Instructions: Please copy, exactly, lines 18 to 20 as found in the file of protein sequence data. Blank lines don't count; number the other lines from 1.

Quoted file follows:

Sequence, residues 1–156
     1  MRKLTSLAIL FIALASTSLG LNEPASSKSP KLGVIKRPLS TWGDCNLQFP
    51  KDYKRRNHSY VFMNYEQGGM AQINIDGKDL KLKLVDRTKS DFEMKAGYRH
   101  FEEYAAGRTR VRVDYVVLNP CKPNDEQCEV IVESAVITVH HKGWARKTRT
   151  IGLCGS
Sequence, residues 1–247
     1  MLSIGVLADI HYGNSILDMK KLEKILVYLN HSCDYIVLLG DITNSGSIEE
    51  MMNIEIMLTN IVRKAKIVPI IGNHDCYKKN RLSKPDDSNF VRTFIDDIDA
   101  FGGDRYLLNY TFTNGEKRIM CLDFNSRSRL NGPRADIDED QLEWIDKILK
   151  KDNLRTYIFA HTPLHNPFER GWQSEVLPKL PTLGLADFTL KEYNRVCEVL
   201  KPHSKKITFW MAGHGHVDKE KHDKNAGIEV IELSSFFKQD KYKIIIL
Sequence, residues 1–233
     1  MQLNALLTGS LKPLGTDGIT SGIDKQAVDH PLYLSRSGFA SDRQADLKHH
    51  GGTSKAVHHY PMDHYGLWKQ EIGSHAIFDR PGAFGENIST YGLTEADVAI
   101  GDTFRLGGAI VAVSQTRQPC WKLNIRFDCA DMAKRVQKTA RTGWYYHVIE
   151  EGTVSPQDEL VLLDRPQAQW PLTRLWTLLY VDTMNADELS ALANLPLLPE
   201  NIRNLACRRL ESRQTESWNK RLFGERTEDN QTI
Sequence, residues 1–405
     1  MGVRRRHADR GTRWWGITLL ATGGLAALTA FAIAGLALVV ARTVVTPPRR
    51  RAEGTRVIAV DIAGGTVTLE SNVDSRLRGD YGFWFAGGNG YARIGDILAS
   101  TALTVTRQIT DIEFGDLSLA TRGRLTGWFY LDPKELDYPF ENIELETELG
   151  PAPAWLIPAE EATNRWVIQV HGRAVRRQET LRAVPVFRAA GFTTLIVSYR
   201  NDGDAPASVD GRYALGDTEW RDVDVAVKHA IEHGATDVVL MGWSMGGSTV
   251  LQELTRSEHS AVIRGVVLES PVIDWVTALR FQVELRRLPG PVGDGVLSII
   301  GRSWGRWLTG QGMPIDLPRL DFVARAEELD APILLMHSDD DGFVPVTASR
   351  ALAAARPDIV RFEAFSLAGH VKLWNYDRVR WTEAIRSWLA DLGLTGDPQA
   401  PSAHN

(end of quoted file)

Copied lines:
Sequence, residues 1–405
     1  MGVRRRHADR GTRWWGITLL ATGGLAALTA FAIAGLALVV ARTVVTPPRR
    51  RAEGTRVIAV DIAGGTVTLE SNVDSRLRGD YGFWFAGGNG YARIGDILAS